If one band encapsulates Warp Records‘ stranger tendencies, then it has to Plaid. Starting out in the dancefloor-confounding Black Dog Productions, Andy Turner and Ed Handley have been pushing the boundaries of electro, techno and synthetic music since way back in 1995, and still seem to be light years ahead of the curve fifteen years on.
The band’s latest album ‘Scintilli’ is their first, in eight years. Restlessly creative as ever, delivering lovely twisty melodies and nice crispy beats, it’s already being pushed as one of the best IDM records of the year, thanks mainly to its blend of brooding, percussive electronica with the more free-form elements of the duo’s soundtrack work.
With the official launch party coming up at Village Underground on Friday, I caught up with Andy and Ed to talk about the tyranny of choice, still getting excited by good old fashioned vinyl and hints at a possible John Cage influence in their next album…
What’s the reaction been to ‘Scintili’ so far?
We’ve had some great feedback. Nothing negative from the public, a few bitchy reviews from the press, but people have written saying they didn’t like it at first but that it’s grown to be their favorite from us.
That’s a good sign as far as we’re concerned, I doubt anyone has listened to it more than us and we’re still into it.
This is your first ‘proper’ album in a while. I bet you were itching to get back after the collaborations/soundtracks?
We learnt a lot from the film work and we’d be happy to do more. Collaborations can be diverting but we pick up new skills along the way and these can be applied when we write our own material.
We’re pretty old school and still get a thrill from vinyl. This is the first thing we’ve had in that format for eight years or so. That’s been very nice!
After more than twenty years you’re as hard to pigeon-hole as ever. Is that just an inevitable by-product of two decades of inventiveness?
Pigeon holes have never looked particularly comfortable. With our own material we never write with an end goal or style in mind. Writing that way would feel a little dishonest.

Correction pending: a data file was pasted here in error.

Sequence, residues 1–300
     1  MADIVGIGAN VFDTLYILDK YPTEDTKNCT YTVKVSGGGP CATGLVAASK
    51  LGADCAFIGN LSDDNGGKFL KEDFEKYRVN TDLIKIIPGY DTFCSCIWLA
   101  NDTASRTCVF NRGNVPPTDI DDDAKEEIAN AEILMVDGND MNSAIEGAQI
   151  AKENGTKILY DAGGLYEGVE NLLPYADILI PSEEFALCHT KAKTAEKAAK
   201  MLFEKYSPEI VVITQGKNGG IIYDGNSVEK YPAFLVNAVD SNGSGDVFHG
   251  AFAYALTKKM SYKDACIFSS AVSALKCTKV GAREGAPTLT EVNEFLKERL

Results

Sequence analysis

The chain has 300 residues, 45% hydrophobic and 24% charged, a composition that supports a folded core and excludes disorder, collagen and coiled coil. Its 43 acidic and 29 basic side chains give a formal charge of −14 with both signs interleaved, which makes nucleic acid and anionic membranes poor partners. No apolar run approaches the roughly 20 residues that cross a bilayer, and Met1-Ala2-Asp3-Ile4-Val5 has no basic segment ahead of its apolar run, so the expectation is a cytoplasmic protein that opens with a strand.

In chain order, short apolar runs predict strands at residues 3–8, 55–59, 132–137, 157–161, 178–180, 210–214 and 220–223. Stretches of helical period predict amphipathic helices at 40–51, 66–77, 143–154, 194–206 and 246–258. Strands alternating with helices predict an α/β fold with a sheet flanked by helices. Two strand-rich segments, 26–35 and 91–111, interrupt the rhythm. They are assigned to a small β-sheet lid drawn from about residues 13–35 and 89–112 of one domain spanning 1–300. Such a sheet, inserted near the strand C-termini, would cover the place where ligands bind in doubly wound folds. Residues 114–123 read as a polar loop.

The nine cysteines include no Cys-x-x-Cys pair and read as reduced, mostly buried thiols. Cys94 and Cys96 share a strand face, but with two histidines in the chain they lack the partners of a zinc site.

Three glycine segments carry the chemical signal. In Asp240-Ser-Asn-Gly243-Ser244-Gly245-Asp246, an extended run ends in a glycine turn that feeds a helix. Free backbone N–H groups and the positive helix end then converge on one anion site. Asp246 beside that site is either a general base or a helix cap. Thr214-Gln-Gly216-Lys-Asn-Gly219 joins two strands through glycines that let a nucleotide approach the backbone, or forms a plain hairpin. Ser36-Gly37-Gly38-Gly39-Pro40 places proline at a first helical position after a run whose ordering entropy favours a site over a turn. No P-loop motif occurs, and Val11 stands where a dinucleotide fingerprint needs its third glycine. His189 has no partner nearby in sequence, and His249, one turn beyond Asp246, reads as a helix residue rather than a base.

What would you say the single biggest innovation in electronic music has been?
The computer – anyone with an idea can just lay it down now. Analogue synths and outboard gear sound great, but are prohibitively expensive for most people.
The internet means they can share their creations too. Has there been a proliferation of electronic musicians, or are people just getting better at getting their stuff out there?
There’s far more music available and being written. There’s far too much emulation though. It’s a cliché to say “it all sounds the same” but so much of it does. Finding the gems is far more difficult in some ways now because there’s so much material to wade through.
Yeah, the internet is great for connecting you to the global music scene, but it definitely seems that there is just so much out there that it’s become hard to process. Do you find that you have to cut yourself off to get things done?
We don’t tend to listen to much while writing. Every experience has an influence. The internet has made it possible to find any style of music but also far more difficult to earn a living from creating it.
So, who or what are you guys listening to at the moment?
Ed muttering because some code isn’t working properly, a fan is spinning, a plane is passing, occasionally a berry is dropping down on the roof of the shed; still haven’t worked out what type they are… John Cage was onto something.
Scintilli is available to buy now, Plaid will be officially launching it with a show at the Village Underground on 7 October.
This article first appeared on Spoonfed on 3 October 2011